SYTYCD: Honoring the Legendary Mia Michaels

In the midst of critical praise and a plethora of Emmy nominations, outside of the dance world, So You Think You Can Dance is arguably underrated in the reality TV genre. While people flock more to see celebrities try to dance, in a world of abounding reality competitions, the majority singing related, So You Think You Can Dance rests in a comfortable niche amongst its fans nearly midway through Season 9. After cuts by the Fox network this season, eliminating the show’s third hour each week and combining eliminations into the performance episode, many feared that this might spell the end of the reality TV gem.

Stepping aside from that uncertainty and setting aside (for just a moment) the UNBELIEVABLE talent the show has given us summer after summer (and even during the lockout inspired winter season), the SYTYCD dancers would not be able to shine as they do without the brilliance of the choreographers that stand behind them and work with them week after week. Among the many greats who have been nominated for industry awards, including the prestigious Emmys, stands out Mia Michaels. After a multi-season absence, the contestants on the show’s ninth season will bare all on stage to pay homage to one of dance’s greats.

In addition to her work for the Fox reality series, Mia has dedicated her career to working with some of the industry greats, including Celine Dion, Madonna, Ricky Martin, Tom Cruise, Gloria Estefan and Prince … just to name a few. In 2005, she choreographed Dion’s Vegas show, “A New Day,” for which she snagged an Emmy nomination. Just two years later, Michaels went home with an Emmy award for Outstanding Choreography for “Calling You,” which was showcased on SYTYCD’s 2nd season. In 2010, Michaels won three Emmys in the same category for “Koop Island Blues,” “Gravity,” and “One.” The following year, she earned Emmys for “Every Little Thing She Does Is Magic,” “When We Dance,” “This Bitter Earth/On the Nature of Daylight,” putting her at a “tie” that year with fellow SYTYCD choreographers Tabitha and Napolean D’Umo. She was also stationed as a permanent judge on the show’s 7th season, alongside Executive Producer Nigel Lythgoe and Step Up producer Adam Shankman.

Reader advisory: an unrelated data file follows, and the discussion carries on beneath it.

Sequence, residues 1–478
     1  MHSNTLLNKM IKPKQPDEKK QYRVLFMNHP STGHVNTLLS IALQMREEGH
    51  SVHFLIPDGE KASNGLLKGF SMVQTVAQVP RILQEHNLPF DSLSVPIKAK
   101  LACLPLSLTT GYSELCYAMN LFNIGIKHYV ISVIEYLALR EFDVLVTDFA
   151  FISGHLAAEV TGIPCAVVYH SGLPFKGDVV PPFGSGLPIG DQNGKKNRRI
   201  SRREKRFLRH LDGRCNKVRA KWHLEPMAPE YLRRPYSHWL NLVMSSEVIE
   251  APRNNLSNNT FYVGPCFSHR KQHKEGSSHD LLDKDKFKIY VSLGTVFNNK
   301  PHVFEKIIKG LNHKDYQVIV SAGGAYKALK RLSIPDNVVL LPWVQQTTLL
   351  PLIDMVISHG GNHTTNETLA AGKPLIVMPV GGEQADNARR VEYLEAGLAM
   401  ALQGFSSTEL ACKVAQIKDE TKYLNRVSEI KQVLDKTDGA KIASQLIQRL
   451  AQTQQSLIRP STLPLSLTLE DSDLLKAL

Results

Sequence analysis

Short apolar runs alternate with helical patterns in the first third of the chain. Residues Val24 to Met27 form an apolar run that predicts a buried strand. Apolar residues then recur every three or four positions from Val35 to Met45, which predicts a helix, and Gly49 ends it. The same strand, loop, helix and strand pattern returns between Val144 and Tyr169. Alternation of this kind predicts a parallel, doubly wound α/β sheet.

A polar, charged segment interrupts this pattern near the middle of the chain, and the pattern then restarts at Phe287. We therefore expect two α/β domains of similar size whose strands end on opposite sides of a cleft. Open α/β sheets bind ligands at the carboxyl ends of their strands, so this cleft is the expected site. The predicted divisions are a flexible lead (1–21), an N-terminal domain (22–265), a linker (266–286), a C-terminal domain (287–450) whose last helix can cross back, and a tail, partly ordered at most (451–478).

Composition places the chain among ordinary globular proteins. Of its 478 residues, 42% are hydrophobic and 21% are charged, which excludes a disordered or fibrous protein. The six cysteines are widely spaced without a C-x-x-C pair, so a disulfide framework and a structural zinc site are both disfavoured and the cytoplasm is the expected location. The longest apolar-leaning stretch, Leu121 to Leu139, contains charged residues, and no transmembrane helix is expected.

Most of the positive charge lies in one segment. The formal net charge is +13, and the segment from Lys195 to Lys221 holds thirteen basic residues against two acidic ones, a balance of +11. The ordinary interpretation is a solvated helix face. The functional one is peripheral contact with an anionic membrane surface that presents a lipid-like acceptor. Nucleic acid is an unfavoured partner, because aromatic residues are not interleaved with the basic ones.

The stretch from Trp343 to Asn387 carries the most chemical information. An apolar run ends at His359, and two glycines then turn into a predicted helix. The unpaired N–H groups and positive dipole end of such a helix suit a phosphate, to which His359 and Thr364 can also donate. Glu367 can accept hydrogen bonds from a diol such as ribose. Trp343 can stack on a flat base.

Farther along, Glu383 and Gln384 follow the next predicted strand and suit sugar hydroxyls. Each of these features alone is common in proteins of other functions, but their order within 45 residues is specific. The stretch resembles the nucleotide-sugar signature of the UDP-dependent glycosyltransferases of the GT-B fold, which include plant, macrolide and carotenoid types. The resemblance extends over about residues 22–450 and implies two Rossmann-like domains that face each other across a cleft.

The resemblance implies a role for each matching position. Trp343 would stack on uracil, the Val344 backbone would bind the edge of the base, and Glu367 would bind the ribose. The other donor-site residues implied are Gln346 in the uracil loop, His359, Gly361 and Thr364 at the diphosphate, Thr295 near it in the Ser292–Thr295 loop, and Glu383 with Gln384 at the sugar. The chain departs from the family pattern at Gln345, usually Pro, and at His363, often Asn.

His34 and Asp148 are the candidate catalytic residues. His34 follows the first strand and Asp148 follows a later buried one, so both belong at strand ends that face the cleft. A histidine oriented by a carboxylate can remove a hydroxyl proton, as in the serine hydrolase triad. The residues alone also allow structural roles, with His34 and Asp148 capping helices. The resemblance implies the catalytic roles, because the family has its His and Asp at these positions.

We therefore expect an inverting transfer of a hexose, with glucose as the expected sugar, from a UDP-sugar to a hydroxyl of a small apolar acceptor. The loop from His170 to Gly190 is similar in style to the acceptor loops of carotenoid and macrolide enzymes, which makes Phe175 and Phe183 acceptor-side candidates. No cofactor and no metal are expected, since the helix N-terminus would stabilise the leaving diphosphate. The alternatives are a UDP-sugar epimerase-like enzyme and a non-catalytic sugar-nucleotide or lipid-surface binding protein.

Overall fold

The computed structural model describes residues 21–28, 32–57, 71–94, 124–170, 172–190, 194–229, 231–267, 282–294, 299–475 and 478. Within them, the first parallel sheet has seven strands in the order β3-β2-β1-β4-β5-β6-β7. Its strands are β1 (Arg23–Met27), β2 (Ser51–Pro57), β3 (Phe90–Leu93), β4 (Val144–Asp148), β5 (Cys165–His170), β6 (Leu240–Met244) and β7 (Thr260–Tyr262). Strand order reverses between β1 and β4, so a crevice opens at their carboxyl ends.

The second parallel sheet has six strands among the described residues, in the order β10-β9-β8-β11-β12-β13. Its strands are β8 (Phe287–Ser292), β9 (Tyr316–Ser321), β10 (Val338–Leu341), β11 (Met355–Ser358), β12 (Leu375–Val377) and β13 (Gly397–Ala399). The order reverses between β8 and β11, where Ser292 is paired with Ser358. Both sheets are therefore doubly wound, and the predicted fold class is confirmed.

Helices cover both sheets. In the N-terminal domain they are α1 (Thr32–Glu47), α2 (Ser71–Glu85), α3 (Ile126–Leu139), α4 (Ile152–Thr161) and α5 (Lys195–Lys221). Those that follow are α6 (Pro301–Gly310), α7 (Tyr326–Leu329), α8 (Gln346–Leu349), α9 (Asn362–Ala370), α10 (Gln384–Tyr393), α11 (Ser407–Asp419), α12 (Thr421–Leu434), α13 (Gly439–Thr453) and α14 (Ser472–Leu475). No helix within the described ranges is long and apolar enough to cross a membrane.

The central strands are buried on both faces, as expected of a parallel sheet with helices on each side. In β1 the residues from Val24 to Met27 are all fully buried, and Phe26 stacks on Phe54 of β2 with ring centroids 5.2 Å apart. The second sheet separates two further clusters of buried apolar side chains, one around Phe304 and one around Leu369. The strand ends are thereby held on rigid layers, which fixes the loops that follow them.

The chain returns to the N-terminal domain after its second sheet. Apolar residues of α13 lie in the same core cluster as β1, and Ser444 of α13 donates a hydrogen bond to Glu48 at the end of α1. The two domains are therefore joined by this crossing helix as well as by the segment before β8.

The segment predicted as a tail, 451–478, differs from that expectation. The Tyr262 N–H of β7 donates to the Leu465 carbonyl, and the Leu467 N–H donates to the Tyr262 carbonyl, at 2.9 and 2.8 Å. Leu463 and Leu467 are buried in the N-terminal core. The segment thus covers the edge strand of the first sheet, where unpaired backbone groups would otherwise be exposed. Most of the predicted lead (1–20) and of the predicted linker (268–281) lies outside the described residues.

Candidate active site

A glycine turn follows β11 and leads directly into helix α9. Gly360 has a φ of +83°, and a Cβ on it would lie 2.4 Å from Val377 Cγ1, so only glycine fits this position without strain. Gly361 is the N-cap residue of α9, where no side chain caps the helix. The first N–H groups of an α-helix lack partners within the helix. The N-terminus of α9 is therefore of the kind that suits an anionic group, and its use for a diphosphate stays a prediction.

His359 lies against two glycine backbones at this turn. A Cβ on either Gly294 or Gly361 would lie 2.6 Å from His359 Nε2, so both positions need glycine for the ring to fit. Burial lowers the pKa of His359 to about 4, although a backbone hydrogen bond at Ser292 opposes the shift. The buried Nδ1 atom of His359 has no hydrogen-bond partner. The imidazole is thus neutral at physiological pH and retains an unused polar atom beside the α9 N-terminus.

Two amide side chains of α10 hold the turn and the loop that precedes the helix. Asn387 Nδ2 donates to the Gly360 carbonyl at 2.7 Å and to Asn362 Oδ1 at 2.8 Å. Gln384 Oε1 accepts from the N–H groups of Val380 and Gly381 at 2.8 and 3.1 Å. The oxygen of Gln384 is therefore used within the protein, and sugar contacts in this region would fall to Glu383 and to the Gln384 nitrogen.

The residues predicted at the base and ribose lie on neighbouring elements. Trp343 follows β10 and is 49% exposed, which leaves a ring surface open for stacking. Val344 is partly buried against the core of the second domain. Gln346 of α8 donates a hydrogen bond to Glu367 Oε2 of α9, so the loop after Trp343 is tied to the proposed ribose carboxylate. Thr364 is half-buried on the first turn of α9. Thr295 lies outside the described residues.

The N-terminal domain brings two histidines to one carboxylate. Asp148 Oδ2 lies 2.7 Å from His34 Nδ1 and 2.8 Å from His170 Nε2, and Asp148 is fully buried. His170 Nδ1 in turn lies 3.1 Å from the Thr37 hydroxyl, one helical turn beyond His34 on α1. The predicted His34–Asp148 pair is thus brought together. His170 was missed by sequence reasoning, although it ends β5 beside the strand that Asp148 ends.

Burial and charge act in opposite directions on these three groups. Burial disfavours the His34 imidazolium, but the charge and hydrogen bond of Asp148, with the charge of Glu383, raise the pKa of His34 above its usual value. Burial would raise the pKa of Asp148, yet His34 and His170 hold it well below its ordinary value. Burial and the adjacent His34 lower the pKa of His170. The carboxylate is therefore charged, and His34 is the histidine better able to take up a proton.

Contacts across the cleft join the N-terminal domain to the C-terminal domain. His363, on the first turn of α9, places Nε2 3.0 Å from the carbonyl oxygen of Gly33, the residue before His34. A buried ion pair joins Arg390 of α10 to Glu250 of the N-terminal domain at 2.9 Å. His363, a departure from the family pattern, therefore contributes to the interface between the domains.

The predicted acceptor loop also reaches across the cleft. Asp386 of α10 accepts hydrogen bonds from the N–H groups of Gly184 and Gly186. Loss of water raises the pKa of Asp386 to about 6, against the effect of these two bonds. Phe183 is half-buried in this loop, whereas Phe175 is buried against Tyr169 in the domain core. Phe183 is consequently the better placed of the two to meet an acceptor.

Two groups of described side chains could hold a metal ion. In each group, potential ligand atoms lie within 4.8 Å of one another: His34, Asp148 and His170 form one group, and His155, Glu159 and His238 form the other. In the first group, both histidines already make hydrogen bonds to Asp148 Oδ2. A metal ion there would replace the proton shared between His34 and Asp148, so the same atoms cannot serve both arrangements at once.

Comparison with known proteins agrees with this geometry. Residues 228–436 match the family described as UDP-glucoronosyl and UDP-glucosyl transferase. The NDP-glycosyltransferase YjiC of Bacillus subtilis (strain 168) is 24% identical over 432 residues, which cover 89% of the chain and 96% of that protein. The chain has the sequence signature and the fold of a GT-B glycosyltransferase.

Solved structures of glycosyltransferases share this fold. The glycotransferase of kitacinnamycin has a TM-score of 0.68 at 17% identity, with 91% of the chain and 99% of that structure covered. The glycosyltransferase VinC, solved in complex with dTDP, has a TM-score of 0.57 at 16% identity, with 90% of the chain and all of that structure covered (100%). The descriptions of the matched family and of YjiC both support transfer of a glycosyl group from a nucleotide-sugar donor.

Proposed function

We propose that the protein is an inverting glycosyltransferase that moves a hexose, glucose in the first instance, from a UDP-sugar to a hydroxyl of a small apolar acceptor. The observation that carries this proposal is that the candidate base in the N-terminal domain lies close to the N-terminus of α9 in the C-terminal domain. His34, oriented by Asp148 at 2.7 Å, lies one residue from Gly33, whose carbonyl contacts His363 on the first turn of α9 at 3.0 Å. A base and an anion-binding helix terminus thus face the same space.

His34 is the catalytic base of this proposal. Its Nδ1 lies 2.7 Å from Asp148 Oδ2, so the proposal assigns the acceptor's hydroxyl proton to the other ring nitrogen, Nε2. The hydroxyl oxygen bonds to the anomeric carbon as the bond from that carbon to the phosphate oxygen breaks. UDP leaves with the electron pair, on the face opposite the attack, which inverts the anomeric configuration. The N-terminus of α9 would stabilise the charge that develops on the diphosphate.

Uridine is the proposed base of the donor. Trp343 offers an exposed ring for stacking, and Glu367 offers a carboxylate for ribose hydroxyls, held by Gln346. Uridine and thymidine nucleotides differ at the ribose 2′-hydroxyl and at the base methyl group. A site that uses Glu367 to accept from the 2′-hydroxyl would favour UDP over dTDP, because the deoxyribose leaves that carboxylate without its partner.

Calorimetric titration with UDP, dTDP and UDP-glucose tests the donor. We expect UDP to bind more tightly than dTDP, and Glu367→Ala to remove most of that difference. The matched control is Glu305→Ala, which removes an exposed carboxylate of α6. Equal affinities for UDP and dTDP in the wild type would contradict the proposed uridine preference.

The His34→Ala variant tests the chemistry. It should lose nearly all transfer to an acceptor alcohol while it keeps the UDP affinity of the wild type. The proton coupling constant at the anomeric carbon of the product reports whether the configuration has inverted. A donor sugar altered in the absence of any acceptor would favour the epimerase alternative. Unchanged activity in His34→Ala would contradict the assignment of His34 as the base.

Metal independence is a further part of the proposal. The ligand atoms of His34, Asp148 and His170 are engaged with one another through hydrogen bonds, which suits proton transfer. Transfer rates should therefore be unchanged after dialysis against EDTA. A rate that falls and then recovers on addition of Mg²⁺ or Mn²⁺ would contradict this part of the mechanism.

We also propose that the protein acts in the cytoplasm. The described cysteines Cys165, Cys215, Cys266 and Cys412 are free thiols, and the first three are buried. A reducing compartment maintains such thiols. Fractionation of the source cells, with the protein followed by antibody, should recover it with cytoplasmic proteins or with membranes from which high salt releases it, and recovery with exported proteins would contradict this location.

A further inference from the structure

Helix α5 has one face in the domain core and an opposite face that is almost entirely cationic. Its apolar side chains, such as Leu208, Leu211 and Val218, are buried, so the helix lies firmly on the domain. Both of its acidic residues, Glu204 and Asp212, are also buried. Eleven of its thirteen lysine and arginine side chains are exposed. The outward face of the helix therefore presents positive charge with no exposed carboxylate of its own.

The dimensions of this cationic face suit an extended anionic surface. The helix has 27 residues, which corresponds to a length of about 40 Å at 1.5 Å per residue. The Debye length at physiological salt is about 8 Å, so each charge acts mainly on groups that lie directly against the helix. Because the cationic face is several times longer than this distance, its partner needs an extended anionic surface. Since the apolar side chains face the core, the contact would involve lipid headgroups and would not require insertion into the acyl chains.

To SYTYCD fans dismay, in 2009, Mia announced via Twitter that she will be leaving the show after five wonderful years. The door was, however, always open for a potential return. Since then, Michaels has expanded her choreography resume, worked on a clothing line and picked up a book deal. It was about a year later when her return to the show was confirmed.

Mia is the founder, artistic director, and choreographer for her New York based dance company, RAW (Reality at Work), which has been around since 1997.

With that, the remaining 14 dancers on SYTYCD’s ninth season will pay tribute to a choreographer whose pieces have struck the hearts of MANY around the world. As Season 4’s Joshua noted after performing “Hometown Glory,” “It’s so much more than dancing.”

Filled with raw emotion and storytelling (and a little bit of fun), we’ve chosen some of the many inspiring and breathtaking pieces Mia Michaels has given the show. So, sit back, enjoy and look forward to tonight’s episode of So You Think You Can Dance, which airs at 8/7c on Fox. You don’t want to miss it! That’s our Yak guarantee!

Which routines are you hoping to see tonight?

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One Reply to “SYTYCD: Honoring the Legendary Mia Michaels”

  1. In addition to the shorter season hours the controversy
    still seems to be circulating in the blogisphere that the new format has to
    go. I don’t mind the new format, but
    being a creature of 3 seasons of habit (I was a late starter) I wish they would
    go back, but that’s not likely. It seems
    so pointless to perform not knowing if they will be cut anyway. The producers couldn’t have picked a better
    lady to honor than Michaels either, by the way.
    I just couldn’t wait until I normally watch with my wife so I watched
    the show yesterday morning. Since I can
    watch commercial free now with Auto Hop on my PrimeTime Anytime recordings, I
    get the show viewed in 1.3 hours rather than the boring two hours with commercials,
    which would make me late for working at Dish.
    Now my wife can watch the show too while I’m at work, and we’ll lament
    over Darian and Janelle’s departure.

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